Instead, he went to the pack that Grackle had spoken of—Anathema. He knew of it, from what Panda had told him, and even what other Salsolans had mentioned. He knew that it was a darker pack, one that had no qualms with servants just like Salsola, but the thought of monsters like Grackle joining it made him feel sick. Perhaps this was why the founders of his own pack left; deceit and murder and other ambiguous morals were prevalent in Salsola, but it was quiet, with the illusion of peace. Everyone worked, everyone obeyed. Filling the ranks with wild rapists and murderers who'd been cast out before was stupid. Salsola only accepted those who were worthy, even if a darker past was politely ignored. What weak leadership would accept anyone?

Loki grimaced, but he ducked into the snow and mud again. He was, oddly, in his Lupus form for this venture—the better to coat his body in dirt, disguising his color even as he disguised his scent at Anathema's borders. He was careful to avoid patrols, staying on one side of the odd wall they'd built, but he had an argument at the ready if someone came across him. He wasn't trespassing, after all.

He rolled again, and stood—dirty-grey now, though his paws were still whitegold from the snow. He smelled at least like a pack member who'd spent recent time outside the borders; it was enough.

And so the dirty "Anatheman" trotted out into the woods to find his next prey.

* * *

Sam was old. He didn't care for his companions, much. He did what he was told, kept watch, fought off other loners. They hunted for him during the long nights his bones ached with winter. It was enough.

It had been his idea to join Anathema, in part because he was so tired. He'd heard stories about the sinners and exiles who found homes there. The stories had woken in him something he'd thought lay dormant, had resonated with him. He'd been chased out of his pack long ago, he'd sinned, and so maybe this was the only place for him as it would be the only place stupid enough to let cunning Zeke into their ranks.

The white husky had gone off to look for Grackle. He'd been angry; when he was angry, he smiled kindly, but when he was out of sight—then he screamed, and kicked the earth, and swore he'd flay Grackle and use his pelt to trade for something more useful, like a rock.

So Sam was alone, and tired. He sighed white smoke.

Then his ear twitched. His sight was going, but his hearing remained keen. He turned and looked down at the ashy-colored wolf eyeing him. He inhaled and grunted.

The small Anatheman eyed him. Hi, he greeted casually.

Sam grunted again. Then: You from Anathema? It was a pointless statement, but the wolf nodded. Wish my friends were here. Would've asked you to take us to your borders to join. What's your name, squirt?

Squirt's fine, the wolf joked. Maybe I'll tell you my name if you join. He paused, and reached up with a hind leg to scratch awkwardly at his flank. But what makes you think the ol' kingpin will let you in, oldtimer?

Sam smiled, briefly. He liked this kid. I don't cause trouble, he said simply. Not enough wolves in this world just listen to what they're fuckin' told. They've got something to prove. I'm not like that. He sighed. Friends are, though. I'll be honest. Got an idiot who follows orders fine, but then we've got a eunuch. I don't trust men who aren't men.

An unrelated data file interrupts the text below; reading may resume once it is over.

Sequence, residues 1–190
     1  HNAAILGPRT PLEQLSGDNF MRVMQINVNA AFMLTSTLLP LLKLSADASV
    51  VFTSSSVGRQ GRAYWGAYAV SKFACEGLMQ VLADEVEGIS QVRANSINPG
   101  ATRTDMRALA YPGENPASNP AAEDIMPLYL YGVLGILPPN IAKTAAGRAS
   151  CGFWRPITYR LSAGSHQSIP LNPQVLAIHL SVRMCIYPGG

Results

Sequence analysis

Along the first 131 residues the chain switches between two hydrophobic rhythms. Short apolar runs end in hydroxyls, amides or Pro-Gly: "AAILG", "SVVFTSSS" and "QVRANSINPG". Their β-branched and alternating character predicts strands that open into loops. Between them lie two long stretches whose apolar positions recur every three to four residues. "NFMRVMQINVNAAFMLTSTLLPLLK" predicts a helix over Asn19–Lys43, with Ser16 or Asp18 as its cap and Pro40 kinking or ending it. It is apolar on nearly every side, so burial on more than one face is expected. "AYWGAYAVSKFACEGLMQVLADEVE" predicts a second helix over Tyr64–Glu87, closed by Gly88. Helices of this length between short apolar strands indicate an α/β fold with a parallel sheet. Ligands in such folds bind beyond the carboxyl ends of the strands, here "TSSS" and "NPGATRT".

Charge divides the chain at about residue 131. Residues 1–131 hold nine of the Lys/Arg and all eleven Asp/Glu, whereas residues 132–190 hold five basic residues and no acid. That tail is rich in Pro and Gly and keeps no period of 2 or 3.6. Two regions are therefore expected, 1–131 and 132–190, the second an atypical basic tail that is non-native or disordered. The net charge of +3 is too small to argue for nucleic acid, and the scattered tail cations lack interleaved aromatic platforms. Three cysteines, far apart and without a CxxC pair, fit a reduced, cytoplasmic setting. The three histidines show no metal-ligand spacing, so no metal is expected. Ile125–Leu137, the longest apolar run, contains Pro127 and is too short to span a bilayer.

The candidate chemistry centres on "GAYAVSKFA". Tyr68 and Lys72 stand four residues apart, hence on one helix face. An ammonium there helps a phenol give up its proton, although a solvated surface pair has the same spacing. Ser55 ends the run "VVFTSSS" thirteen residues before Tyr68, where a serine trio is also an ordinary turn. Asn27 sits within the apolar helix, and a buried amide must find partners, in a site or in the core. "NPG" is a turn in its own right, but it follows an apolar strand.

Yeah. Lots don't. Squirt took a seat. Sam didn't notice that the coywolf was a bit nervous about doing so. He didn't recognize the brat who had something to prove back in the late fall—his eyes were going bad. Maybe that's why you want to join us, huh? We're a paradise for troublemakers. Though the warriors won't let Junkless get away with any trouble. He grinned, winked. There's order in chaos. The idiots don't last long.

The youth hesitated. But, he added, I like you. Maybe just you can join up, hm?

The grizzled grey wolf shrugged. That'd piss Zeke off.

We'll throw him in a cave and smoke 'im, then.

Sam allowed himself to grin. I like you, he said. But if I'm not loyal to Zeke, how do you think I'll be loyal to you?

Squirt shrugged, but he wagged his tail and stood. Fine, whatever, he said. But maybe until he comes back we can take a walk? If we're going to be pack mates, and all. He grinned, tail wagging harder. I wanna hear your story.

Sam shook his head, but he considered the kid a moment. Maybe, he said. Maybe, if you get me something to eat. He was too tired to chase down prey anymore, too slow. Hitting someone took exertion, but he wasn't made for chasing especially. He didn't eat much, but even rabbits were hard to get.

But the younger wolf nodded, and turned, trotting off. The grizzled male followed at a distance, puffing softly—reflecting, once again, on why he'd come here, his sins. He felt very weary all of a sudden, but the promise of a meal kept him going—a meal, and company that was pleasant, and not the faux-pleasant that Zeke was. He was honestly tired of him most of all.

Oh, oh—look, Squirt yapped, tail suddenly going a mile a minute. He pranced ahead, an odd little dance of excitement through a thicket. They were in the woods, and it smelled of deer. The size of that one, he said, and Sam smiled. He actually smiled, and stepped forward.

Eyes bulged, and trembling hands clawed at the noose—coming away bloodied. He tore his hands on the barbed wire, jaws parting, and he gagged, and glanced at the youngster who shook dirt from his fur and stared at him.

Help, he said.

Rot in hell, Loki said.

Sam kept on his toes—he was too tall to hang, if he stood on his toes. But as he stared down at the shaking wolf, he remembered. He didn't remember Loki, though. He remembered his sister, instead, and their secret, and the little puppy heads bashed against rocks because father couldn't find out.

He'd been so young, so scared, but still a sinner. And he'd bashed more heads against rocks since.

Sam looked at the trapper, his tongue slithering from his parted jaws. He was an old man. He was tired, he thought. He was tired.

* * *

The grizzled wolf hung, and his tongue turned black, and Loki left the body in the trees. He didn't vomit this time.

There was one more to go.

With your feathers and thorns sticking to my hide